From: Age of Revolutions on 13 Aug 2018

The hermit : opera XXIV

Author: Hook, Mr. (James), 1746-1827. Title: The hermit : opera XXIV / written by the late celebrated Dr. Goldsmith ; set to music by James Hook ; adapted for two violins, voice & harpsichord. Published: London : S.A. & P. Thompson,...
From: Recent Antiquarian Acquisitions on 9 Aug 2017

Married Priests in France, 1789-1815

By Xavier Marechaux In a previous post on this blog, Kate Marsden described the fate of hundreds of nuns who married during the French Revolution, shedding light on a topic often considered taboo.[1] However, married nuns were not the only population...
From: Age of Revolutions on 31 Jul 2017

Samuel Daniel, Poet and Historian: A Two-day Conference

Thursday and Friday, 10-11 September 2015 at The Royal College of Music, LondonConference Organizers: John Pitcher (St John’s College, Oxford) &Yasmin Arshad (UCL)It is a great pleasure to announce the first major Conference devoted to...
From: The Renaissance Diary on 10 Sep 2015

Religion and Secularism in England

One of my favorite authors, Father Aidan Nichols OP, writes about secularism and religion in England for the Imaginative Conservative: he outlines two possible ways to deal with the diversity of religion and secularism (separate "public spaces" and assimilation)...

CALL FOR PAPERS: ‘Beliefs Under Pressure: Religion, Community and Identity in the Early Modern World’

10 September 2015, University of East AngliaThis one day conference will provide a lively and informal forum where graduate students and early career researchers can discuss ideas about the social and cultural history of religion and community, c. 1500-1800....
From: The Renaissance Diary on 1 May 2015

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Notes on Post Tags Search

By default, this searches for any categories containing your search term: eg, Tudor will also find Tudors, Tudor History, etc. Check the 'exact' box to restrict searching to categories exactly matching your search. All searches are case-insensitive.

This is a search for tags/categories assigned to blog posts by their authors. The terminology used for post tags varies across different blog platforms, but WordPress tags and categories, Blogspot labels, and Tumblr tags are all included.

This search feature has a number of purposes:

1. to give site users improved access to the content EMC has been aggregating since August 2012, so they can look for bloggers posting on topics they're interested in, explore what's happening in the early modern blogosphere, and so on.

2. to facilitate and encourage the proactive use of post categories/tags by groups of bloggers with shared interests. All searches can be bookmarked for reference, making it possible to create useful resources of blogging about specific news, topics, conferences, etc, in a similar fashion to Twitter hashtags. Bloggers could agree on a shared tag for posts, or an event organiser could announce one in advance, as is often done with Twitter hashtags.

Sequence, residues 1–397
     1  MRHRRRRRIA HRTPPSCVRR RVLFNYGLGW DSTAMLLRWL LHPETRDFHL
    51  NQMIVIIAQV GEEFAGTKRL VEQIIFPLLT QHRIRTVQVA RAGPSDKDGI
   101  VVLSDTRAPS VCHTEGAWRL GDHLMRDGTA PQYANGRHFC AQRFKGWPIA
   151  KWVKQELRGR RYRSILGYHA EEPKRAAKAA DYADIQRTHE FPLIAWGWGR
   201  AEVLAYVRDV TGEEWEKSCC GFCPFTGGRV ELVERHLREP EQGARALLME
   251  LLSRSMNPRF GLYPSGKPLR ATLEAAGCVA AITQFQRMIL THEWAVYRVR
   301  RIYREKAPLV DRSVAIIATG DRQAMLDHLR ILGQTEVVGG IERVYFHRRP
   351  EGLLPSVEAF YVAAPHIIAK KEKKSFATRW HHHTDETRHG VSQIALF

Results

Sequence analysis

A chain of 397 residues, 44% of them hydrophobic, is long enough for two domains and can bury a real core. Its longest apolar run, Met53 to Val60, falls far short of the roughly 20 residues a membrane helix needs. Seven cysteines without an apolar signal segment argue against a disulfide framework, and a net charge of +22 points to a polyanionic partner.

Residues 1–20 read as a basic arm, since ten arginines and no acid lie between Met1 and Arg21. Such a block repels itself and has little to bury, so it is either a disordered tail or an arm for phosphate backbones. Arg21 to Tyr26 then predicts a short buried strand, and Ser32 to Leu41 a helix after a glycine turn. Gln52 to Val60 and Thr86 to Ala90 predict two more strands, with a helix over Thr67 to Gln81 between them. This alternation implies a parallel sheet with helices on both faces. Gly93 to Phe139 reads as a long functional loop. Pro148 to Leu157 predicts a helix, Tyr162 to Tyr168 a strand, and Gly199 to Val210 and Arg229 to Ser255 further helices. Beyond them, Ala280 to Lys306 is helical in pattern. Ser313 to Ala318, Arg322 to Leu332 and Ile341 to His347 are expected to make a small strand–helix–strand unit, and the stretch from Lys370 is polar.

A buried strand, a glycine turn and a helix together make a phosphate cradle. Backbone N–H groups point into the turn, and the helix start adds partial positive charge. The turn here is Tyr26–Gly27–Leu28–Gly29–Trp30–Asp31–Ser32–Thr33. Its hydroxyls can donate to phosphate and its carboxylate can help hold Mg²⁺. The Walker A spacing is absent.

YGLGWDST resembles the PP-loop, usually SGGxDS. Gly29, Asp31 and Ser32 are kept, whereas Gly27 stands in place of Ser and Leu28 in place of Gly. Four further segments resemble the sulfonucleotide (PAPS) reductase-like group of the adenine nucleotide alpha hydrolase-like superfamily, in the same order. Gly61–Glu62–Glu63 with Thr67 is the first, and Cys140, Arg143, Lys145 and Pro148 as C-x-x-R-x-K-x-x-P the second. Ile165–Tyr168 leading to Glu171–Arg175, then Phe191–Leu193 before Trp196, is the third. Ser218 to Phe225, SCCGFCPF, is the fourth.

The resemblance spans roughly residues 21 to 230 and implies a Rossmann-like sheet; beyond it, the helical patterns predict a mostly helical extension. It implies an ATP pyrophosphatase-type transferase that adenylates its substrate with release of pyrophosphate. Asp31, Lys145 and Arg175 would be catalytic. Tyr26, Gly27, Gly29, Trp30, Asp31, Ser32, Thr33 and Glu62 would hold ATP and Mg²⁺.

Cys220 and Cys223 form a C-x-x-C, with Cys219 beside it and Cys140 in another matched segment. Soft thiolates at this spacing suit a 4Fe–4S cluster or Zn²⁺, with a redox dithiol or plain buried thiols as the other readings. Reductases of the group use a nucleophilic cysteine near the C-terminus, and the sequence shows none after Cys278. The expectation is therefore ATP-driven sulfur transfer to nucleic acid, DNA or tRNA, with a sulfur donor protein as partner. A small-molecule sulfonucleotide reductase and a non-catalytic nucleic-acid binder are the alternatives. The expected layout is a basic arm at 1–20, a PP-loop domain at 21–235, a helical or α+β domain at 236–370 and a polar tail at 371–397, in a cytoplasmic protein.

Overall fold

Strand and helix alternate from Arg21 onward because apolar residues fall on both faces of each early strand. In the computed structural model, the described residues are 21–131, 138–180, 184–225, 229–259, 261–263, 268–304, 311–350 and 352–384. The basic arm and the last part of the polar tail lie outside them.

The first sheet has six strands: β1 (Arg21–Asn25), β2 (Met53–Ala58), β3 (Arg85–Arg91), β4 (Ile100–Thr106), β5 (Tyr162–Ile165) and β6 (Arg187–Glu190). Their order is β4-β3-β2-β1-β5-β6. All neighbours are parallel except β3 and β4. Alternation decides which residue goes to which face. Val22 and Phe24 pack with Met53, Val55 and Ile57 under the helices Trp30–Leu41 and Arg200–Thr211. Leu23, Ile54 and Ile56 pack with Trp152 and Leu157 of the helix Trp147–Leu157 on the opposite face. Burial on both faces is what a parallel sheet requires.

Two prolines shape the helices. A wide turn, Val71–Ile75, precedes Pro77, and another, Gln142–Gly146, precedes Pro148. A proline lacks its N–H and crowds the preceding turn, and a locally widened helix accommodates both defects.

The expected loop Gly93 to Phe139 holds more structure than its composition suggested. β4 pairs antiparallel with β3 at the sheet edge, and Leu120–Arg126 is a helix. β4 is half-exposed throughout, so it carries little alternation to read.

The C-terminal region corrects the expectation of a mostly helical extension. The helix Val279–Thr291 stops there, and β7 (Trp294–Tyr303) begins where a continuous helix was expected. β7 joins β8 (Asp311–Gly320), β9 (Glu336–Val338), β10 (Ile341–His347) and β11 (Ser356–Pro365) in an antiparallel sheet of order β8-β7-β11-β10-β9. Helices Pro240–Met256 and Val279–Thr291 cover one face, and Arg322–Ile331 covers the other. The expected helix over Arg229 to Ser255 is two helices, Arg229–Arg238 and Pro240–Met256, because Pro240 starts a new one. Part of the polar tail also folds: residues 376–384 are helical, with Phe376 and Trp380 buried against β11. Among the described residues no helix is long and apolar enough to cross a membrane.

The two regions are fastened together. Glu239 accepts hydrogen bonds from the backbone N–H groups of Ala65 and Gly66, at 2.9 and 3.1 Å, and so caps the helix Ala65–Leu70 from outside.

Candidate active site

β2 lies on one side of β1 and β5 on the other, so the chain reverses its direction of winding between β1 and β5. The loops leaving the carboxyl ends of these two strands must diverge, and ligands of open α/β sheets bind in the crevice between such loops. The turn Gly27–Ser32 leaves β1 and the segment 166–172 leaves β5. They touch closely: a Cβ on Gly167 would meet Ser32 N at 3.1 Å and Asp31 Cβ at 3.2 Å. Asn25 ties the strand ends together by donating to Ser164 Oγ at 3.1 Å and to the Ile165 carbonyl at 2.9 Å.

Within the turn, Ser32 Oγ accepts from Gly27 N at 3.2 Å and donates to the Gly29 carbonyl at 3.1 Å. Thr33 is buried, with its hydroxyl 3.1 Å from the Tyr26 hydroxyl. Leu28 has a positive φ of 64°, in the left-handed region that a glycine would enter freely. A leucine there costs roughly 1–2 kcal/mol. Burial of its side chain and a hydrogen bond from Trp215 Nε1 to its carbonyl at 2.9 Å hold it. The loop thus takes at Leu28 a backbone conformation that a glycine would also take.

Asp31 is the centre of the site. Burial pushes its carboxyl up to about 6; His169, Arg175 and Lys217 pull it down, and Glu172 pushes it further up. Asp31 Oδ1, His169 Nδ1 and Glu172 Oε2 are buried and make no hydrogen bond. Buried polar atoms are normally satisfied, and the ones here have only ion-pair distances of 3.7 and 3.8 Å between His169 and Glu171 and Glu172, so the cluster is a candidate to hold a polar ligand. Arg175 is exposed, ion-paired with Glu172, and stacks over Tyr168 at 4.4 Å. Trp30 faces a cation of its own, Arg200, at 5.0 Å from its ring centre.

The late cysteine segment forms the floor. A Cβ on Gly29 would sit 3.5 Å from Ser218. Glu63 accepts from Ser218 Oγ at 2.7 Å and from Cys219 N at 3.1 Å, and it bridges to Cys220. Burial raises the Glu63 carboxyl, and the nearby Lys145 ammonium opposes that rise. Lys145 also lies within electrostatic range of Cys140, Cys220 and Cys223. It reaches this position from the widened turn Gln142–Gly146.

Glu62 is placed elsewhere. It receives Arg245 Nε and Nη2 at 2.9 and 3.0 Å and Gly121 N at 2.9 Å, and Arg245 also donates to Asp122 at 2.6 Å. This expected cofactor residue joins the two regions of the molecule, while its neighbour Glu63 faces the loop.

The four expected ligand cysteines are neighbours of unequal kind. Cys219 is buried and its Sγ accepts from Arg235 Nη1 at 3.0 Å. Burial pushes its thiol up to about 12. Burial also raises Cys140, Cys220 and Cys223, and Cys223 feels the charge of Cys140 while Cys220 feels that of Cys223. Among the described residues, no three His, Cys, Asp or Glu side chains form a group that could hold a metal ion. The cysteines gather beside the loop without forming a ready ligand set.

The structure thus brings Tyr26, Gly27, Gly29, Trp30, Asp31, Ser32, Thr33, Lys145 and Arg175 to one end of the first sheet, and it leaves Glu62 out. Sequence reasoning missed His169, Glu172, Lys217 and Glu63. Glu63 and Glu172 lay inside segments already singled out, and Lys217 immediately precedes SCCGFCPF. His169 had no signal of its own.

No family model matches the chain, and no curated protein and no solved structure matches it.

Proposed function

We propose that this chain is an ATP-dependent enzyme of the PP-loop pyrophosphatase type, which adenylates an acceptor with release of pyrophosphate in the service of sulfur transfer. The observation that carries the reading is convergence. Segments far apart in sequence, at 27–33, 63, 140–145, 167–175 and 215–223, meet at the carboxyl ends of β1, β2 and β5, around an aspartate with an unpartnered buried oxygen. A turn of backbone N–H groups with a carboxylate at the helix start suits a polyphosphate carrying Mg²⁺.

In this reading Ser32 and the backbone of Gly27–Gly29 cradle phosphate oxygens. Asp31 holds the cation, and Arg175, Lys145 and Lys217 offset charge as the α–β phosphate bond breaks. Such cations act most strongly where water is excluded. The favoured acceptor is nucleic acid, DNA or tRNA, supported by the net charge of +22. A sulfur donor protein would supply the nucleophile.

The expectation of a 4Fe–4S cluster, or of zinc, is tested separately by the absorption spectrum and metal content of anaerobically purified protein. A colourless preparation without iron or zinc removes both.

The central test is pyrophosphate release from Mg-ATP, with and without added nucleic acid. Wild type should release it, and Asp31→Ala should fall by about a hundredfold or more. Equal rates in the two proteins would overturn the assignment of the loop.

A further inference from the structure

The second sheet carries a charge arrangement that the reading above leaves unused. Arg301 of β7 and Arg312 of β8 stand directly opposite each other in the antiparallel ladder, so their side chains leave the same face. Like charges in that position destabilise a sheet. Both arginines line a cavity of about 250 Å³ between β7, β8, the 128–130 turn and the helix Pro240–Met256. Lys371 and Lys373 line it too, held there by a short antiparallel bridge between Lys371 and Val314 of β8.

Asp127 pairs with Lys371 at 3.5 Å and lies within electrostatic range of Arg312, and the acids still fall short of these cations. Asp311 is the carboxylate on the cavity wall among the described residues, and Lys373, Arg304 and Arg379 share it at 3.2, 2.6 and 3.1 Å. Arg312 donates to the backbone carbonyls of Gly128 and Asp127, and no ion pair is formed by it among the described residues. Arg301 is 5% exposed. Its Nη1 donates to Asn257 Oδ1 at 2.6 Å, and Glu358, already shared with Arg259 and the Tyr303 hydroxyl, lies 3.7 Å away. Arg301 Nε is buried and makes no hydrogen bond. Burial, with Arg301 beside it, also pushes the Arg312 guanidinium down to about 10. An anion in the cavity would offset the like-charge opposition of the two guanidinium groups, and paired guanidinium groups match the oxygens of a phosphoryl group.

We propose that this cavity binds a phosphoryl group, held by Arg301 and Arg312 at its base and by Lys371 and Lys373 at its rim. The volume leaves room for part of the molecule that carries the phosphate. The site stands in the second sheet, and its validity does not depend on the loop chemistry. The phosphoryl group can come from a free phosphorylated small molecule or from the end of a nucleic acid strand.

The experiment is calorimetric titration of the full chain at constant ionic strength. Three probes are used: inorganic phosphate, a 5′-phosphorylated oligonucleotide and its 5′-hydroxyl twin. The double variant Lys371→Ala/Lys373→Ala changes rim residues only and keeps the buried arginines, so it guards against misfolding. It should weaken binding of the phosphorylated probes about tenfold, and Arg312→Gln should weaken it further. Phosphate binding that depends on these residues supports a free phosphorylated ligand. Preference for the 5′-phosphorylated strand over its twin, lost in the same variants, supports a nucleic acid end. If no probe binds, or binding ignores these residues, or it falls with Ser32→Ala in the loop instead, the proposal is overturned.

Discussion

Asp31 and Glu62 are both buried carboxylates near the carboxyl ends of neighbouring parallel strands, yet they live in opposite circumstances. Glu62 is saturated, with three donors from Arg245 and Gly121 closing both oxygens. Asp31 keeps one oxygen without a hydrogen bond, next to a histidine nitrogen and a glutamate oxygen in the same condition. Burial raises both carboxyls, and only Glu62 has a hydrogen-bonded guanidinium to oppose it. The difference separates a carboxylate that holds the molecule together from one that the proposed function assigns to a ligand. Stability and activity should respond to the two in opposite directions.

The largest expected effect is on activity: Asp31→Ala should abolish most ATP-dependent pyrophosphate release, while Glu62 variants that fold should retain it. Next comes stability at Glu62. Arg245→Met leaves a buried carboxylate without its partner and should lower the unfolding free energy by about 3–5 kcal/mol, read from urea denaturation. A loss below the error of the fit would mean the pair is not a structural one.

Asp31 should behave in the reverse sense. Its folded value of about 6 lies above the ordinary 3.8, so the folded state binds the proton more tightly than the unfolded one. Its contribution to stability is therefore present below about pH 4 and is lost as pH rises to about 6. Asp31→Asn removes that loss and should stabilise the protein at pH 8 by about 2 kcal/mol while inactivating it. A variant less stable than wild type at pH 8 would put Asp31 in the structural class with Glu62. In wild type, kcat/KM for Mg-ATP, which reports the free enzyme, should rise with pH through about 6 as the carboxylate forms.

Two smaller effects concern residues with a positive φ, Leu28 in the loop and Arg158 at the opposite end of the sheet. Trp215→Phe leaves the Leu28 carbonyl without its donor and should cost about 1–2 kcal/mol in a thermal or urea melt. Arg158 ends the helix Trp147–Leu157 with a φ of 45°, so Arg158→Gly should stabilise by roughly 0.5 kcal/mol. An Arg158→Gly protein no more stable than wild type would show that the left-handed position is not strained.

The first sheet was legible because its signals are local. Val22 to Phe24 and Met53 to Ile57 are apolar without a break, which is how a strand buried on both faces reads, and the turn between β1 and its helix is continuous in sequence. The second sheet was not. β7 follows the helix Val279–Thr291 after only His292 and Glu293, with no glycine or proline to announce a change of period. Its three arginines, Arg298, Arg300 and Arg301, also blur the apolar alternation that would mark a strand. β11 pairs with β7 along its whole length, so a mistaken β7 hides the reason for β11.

Caveats and Work in Progress

This does not search post content, and it will not find any informal keywords/hashtags within the body of posts.

If EMC doesn't find any <category> tags for a post in the RSS feed it is classified as uncategorized. These and any <category> 'uncategorized' from the feed are omitted from search results. (It should always be borne in mind that some bloggers never use any kind of category or tag at all.)

This will not be a 'real time' search, although EMC updates content every few hours so it's never very far behind events.

The search is at present quite basic and limited. I plan to add a number of more sophisticated features in the future including the ability to filter by blog tags and by dates. I may also introduce RSS feeds for search queries at some point.

Constructing Search Query URLs

If you'd like to use an event tag, it's possible to work out in advance what the URL will be, without needing to visit EMC and run the search manually (though you might be advised to check it works!). But you'll need to use URL encoding as appropriate for any spaces or punctuation in the tag (so it might be a good idea to avoid them).

This is the basic structure:

http://emc.historycarnival.org/searchcat?s={search term or phrase}

For example, the URL for a simple search for categories containing London:

http://emc.historycarnival.org/searchcat?s=london

The URL for a search for the exact category Gunpowder Plot:

http://emc.historycarnival.org/searchcat?s=Gunpowder%20Plot&exact=on

In this more complex URL, %20 is the URL encoding for a space between words and &exact=on adds the exact category requirement.

I'll do my best to ensure that the basic URL construction (searchcat?s=...) is stable and persistent as long as the site is around.